More, Thomas - Research Article from Encyclopedia of Science, Technology, and Ethics

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More, Thomas

Thomas More (1478–1535) was born in London on February 7 and executed on Tower Hill, London on July 6. He was a lawyer and royal councilor who rose to be Lord Chancellor of England (1529–1532) before falling afoul of Henry VIII over the matter of the king's divorce. Of his voluminous writings, the only one that has anything to say about science and technology is Utopia (1516), his vastly influential Latin book about an imaginary island republic somewhere off South America.

To More and those of his fellow humanists who understood the Greek etymology, of the word that he coined for this title utopia meant simply noplace (ou + topos): the word, that is, did not originally have the meaning—an ideal society, or a fictional work about one—acquired in the book's aftermath. Indeed the fundamental interpretive question about the work is whether...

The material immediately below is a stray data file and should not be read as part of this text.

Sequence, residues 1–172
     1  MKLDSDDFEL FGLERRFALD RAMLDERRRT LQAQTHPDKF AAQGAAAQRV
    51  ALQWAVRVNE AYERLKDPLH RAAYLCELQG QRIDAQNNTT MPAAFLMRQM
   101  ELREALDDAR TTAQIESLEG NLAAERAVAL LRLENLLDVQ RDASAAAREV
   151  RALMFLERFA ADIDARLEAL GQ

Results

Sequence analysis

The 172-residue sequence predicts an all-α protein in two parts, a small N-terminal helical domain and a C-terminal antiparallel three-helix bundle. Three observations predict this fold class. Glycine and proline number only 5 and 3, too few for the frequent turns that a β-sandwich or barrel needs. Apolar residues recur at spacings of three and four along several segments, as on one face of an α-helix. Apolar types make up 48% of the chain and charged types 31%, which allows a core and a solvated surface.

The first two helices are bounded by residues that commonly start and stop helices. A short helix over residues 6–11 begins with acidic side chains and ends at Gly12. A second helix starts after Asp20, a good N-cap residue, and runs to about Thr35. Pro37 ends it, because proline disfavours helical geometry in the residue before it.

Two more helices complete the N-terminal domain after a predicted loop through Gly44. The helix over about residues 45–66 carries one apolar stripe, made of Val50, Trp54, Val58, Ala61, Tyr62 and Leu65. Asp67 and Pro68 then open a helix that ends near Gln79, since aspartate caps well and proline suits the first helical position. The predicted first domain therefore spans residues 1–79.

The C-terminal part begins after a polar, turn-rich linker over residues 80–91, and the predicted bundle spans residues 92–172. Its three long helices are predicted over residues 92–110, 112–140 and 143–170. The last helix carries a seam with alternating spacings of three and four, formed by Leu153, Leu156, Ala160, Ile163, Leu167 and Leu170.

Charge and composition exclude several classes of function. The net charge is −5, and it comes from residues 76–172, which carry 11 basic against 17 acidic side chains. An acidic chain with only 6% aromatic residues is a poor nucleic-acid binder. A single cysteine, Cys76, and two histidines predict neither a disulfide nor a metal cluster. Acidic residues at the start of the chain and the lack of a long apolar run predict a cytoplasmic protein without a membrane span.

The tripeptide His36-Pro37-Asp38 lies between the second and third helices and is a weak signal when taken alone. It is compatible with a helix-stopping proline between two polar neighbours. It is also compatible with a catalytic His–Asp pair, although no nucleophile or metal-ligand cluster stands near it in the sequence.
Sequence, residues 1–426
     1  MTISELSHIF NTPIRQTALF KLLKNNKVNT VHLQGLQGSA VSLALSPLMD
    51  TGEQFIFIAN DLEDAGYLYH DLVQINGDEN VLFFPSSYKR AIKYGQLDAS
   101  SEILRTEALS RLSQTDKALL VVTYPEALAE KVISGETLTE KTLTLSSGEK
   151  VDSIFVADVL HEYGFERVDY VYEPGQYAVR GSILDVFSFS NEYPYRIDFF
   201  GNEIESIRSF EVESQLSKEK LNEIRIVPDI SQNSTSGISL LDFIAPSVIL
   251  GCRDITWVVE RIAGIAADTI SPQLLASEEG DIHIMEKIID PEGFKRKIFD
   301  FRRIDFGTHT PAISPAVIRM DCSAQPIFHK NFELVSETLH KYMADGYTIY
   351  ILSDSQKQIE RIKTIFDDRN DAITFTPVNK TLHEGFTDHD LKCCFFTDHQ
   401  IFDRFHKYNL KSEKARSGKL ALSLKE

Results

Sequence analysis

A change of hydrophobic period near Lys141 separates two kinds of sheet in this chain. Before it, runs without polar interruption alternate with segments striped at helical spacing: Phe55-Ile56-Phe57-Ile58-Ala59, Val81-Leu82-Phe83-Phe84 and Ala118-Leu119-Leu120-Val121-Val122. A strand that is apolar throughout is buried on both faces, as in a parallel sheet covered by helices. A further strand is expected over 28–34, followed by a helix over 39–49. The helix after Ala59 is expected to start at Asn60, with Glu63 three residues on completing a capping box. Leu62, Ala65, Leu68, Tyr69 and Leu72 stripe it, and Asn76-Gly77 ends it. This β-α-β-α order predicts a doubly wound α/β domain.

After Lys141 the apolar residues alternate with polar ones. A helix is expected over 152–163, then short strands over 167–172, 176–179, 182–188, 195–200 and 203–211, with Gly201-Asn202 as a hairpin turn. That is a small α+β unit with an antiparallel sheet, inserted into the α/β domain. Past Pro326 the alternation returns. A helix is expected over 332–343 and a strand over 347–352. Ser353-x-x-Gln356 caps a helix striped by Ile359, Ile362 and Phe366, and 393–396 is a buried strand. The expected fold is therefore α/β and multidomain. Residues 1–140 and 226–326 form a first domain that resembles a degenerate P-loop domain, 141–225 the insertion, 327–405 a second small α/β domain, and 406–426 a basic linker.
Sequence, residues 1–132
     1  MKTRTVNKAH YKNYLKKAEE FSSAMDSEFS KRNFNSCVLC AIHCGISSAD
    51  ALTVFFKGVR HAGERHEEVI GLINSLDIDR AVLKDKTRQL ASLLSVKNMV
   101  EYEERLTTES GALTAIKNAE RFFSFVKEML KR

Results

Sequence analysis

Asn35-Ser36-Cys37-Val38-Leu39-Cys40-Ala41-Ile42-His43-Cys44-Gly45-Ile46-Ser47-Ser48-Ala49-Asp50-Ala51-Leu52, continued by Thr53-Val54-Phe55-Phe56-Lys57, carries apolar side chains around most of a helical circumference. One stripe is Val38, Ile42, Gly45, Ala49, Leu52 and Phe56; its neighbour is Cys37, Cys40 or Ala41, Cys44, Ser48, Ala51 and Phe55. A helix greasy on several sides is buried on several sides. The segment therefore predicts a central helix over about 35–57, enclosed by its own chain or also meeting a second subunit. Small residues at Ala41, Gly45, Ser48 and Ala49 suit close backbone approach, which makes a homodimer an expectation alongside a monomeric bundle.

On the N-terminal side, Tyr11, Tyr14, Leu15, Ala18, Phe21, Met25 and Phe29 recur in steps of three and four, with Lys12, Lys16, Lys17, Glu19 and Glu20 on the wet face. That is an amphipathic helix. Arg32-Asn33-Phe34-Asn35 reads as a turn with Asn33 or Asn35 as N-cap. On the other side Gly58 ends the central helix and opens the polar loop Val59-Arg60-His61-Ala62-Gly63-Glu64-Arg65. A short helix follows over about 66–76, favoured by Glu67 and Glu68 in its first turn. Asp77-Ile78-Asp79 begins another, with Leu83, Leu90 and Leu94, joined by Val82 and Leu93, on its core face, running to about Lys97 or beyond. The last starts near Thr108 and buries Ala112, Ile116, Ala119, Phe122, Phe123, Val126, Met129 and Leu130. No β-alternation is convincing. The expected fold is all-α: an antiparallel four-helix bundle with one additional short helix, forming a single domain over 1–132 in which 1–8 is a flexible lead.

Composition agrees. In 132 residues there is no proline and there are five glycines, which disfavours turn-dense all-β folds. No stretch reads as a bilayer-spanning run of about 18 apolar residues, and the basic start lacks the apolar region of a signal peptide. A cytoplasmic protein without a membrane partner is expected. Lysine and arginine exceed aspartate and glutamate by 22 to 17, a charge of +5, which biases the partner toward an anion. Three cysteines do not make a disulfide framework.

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This section contains 1,019 words
(approx. 4 pages at 300 words per page)
Buy the More, Thomas Encyclopedia Article
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Macmillan
More, Thomas from Macmillan. Copyright © 2001-2006 by Macmillan Reference USA, an imprint of the Gale Group. All rights reserved.
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